FWY: I hope so. We would have to ask other people. I find it easier to be more successful in a workspace. I find in my relationship with my husband that I would probably say that I feel successful, but it takes a lot of work. When I recognize the other individual in the space around me, and the space that they are in, and take a pause, take a beat, then I really get to also understand that I am coming from my heart out of a place of service and gratitude when I engage with them. I am being grateful for the opportunity to know this person, to know my circumstances, to be able to volunteer. I am also coming from a place of saying, “I am here to serve.” “I am here to serve.” That is how I feel like I operationalize my gratitude. Just saying, “Look God, I am so grateful for what you have given me, all the talent, the gifts, all the possibilities. Even the ones I have yet to even tap in to, and because of that grace you have given me, I am grateful. In my interaction[s] with other people, let me mirror that grace. Let me mirror that thankfulness by how I serve them. How I humble myself to provide some comfort and joy.” I think that for me, and it is a practice, it is walking it out on a daily basis, moment by moment, trying to be renewed while doing it, trying to be agile while doing it.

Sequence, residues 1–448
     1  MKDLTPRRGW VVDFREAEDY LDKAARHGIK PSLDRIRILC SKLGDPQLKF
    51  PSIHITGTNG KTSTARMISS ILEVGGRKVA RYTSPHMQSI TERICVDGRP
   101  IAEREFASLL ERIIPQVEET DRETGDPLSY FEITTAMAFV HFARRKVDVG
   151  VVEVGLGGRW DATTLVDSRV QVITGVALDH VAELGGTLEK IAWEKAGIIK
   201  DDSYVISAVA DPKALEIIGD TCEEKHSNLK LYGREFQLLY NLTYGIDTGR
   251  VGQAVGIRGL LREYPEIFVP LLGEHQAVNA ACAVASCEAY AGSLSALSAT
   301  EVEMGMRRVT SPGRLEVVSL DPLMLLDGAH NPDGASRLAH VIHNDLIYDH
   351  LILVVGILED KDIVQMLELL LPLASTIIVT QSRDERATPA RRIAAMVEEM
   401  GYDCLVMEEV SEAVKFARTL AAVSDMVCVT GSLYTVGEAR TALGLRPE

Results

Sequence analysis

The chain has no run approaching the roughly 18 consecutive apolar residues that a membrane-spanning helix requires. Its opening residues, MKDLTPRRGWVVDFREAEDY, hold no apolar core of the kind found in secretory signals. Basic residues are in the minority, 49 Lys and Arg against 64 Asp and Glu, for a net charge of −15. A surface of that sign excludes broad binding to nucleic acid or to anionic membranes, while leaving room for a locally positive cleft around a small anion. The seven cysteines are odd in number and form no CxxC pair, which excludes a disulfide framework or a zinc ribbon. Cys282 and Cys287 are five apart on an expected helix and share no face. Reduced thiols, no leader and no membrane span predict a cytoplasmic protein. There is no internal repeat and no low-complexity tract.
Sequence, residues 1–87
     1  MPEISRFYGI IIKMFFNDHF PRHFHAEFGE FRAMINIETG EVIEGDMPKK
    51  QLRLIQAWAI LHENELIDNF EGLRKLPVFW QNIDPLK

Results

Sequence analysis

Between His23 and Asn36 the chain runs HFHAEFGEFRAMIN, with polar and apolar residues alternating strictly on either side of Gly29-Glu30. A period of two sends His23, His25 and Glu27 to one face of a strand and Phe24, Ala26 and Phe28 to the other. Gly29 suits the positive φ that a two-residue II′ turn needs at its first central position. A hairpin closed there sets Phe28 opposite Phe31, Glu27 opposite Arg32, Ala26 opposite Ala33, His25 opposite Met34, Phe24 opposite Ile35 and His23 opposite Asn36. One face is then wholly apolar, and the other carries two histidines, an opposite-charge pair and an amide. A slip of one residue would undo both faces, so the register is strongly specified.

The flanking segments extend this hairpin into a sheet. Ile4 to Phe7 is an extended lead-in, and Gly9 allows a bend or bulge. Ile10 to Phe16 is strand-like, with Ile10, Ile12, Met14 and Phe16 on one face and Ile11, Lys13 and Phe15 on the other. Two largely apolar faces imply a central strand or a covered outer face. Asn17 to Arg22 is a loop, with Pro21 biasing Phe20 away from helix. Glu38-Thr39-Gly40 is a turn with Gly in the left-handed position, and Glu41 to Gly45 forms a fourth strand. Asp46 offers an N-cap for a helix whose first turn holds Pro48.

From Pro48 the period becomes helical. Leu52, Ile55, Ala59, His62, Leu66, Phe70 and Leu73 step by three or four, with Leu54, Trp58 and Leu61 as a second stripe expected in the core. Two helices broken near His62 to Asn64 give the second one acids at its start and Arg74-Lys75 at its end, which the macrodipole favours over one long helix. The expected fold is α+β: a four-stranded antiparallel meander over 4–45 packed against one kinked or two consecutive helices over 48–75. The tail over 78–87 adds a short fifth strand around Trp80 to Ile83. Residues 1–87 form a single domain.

KSC: Is there a connection between gratitude and service?

FWY: I would hope so. I would hope so. I would hope so, because when you are grateful, you want to give. You want to serve because you are so consumed by gratitude. At least I feel so consumed by gratitude that it motivates. It propels me. It is an inner force that propels me to serve other people. It comes out in every area of my life, not just serving my husband, serving my child, and serving my family. Being able to say, “I work for the government.” “I am a foreign service officer, a foreign service diplomat.” Whether I am in country, in Bangladesh, or whether I am here in DC, I am saying, “How can I serve?” “How can I walk out my belief system?” “How can I walk out my spirituality?” “How can I use the tools and the knowledge and all of that I have been given to help support somebody else?” Gratitude leads to service. When you are grateful, when you have that force inside of you. We are all different people, so we may express it differently.

KSC: How did early service experiences prepare you for your current understanding of gratitude? How do we learn to be grateful? How do we strengthen those gratitude muscles?